This goal was entrenched in the concept of the Lost Cause, a narrative popularized in the 1890s that tried to paint the Confederacy in a different light. Proponents of this idea put forward the notions that the Civil War was not about slavery and that the Ku Klux Klan was trying to revive the heritage of the South. These ideas were the driving force behind organizations like the United Daughters of the Confederacy (UDC) that sought to solidify their version of history through building monuments. 

The Sons of Confederate Veterans (SCV), an organization similar to the UDC, is still active. It is an all-male organization whose members have one or more ancestors who fought for the Confederacy. 

Matthew Evans, a camp commander for his chapter of the SCV, argues that Confederate monuments were put up in the early 1900s and the 1960s not to intimidate Black Americans but instead simply to commemorate anniversaries of the Civil War. Evans framed the issue as a matter of family history. 

“When Reconstruction ended and the turn of the century came, you had a lot of old veterans dying, and there weren’t a lot around to tell the stories of war. A lot of the families that lost cousins or relatives wanted to do something to remember their family, and they picked the courthouses,” Evans said. 

But many people of color do not share Evans’s nostalgia for the 19th and 20th centuries—a time that, for the country’s Black and Indigenous populations, was characterized by brutality, indiscriminate violence, and terror. 

John Beacham, a Chicago-based activist who organized a protest against the downtown Balbo Monument in 2017, has long urged Chicago residents to protest Confederate monuments. Beacham was responding to a Chicago magazine article that described Chicagoans traveling to Confederate Mound, located in Oak Woods Cemetery, wearing Confederate costumes and waving Confederate flags as part of an annual memorial service for the dead soldiers at the Confederate monument.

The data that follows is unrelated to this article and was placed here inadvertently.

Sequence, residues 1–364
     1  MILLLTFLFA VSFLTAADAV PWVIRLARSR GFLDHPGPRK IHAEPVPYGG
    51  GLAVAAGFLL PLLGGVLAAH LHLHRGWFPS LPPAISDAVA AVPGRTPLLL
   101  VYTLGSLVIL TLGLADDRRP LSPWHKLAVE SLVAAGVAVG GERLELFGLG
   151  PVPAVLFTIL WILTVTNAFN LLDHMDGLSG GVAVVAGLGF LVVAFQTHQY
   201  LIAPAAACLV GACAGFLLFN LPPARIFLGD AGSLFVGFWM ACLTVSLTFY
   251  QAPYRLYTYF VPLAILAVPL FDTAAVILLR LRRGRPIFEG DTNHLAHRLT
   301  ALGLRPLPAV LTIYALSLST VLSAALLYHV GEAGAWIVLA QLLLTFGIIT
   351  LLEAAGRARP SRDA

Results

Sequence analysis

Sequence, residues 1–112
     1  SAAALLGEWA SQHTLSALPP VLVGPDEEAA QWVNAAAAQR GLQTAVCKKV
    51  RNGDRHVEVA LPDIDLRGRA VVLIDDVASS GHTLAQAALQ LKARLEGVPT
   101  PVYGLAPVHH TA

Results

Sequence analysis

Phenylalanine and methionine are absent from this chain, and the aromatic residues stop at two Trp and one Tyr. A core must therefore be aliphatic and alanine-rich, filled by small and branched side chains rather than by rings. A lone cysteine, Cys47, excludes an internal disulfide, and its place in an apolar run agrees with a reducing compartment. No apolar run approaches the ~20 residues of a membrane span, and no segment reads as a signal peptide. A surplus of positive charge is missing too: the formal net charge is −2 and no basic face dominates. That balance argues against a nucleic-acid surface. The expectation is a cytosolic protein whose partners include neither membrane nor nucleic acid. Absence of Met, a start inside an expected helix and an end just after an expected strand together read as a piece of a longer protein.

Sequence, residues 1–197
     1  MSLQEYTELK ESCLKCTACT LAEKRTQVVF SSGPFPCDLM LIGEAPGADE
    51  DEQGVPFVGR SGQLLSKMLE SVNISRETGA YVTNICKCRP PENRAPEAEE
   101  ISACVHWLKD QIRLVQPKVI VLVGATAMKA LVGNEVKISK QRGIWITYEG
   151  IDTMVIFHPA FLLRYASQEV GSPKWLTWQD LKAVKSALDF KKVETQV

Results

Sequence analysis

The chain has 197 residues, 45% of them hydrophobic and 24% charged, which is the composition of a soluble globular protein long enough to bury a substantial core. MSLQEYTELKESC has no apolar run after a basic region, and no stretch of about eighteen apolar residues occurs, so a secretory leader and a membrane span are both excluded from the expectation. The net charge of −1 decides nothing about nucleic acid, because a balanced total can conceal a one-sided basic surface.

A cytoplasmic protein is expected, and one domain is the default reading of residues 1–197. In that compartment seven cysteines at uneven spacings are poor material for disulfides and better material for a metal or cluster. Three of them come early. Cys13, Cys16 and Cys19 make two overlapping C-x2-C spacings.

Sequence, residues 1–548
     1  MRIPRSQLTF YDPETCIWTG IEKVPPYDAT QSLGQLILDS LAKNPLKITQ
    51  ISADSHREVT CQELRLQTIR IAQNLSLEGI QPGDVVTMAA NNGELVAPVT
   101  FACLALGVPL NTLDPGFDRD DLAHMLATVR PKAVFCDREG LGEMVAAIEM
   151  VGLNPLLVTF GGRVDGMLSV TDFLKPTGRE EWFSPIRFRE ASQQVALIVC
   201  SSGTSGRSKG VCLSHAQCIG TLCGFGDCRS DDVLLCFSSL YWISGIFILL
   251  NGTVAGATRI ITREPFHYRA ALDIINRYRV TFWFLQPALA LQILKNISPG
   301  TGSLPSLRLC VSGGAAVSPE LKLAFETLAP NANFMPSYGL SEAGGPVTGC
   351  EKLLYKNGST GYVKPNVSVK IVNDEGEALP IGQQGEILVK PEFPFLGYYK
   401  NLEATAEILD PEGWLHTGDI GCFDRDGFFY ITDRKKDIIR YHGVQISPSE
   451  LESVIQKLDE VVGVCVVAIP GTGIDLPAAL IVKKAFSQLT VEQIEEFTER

Beacham said that he understood the impulse to mourn the loss of human life, even if it was lost for an unjust cause. Yet he staunchly believes that that the soldiers at Oak Woods were fighting to uphold white supremacy and that the people honoring the monument were attempting “to resurrect their fight,” a struggle that “should be kept in the grave.” 

Besides just taking statues down, several monuments in cities around the country have been sent to museums. This is seen as a middle ground where they can still be viewed by people but not commemorated or celebrated. As of last September, about 35 monuments had been accepted by museums or sent to Confederate cemeteries nationwide. 

Christine Mehring, a professor of art history in the College and an adjunct curator at the Smart Museum of Art, believes that it is important for participants in this debate to frame some of their thinking in a sociohistorical perspective. 

In an email to The Maroon, Mehring explained that debates over the role of statues and monuments are often about something deeper. 

“Confederate monuments, and many other monuments, are frequently discussed solely in terms of their historical subject matter. Often that is appropriate, but there are also examples where art historical expertise could help us understand a monument’s complexity and nuance as a representation, the way their particular iconographies, formal renderings, material handling, and art historical references contribute to their meaning,” Mehring wrote. 

Mehring also shared how art historians have always wrestled with political artworks in society and developed different solutions to these issues. She mentioned how, post–World War II, Germany employed a wide range of solutions for how to address its history. The country ultimately preserved concentration camps, erected Holocaust memorials, and conserved or removed East German monuments after 1989. 

“Our shared interests…bring historical depth and global perspectives to these issues so pressing in the United States right now,” Mehring told Public Art Dialogue in an interview. “Different cultures can and must learn from one another.”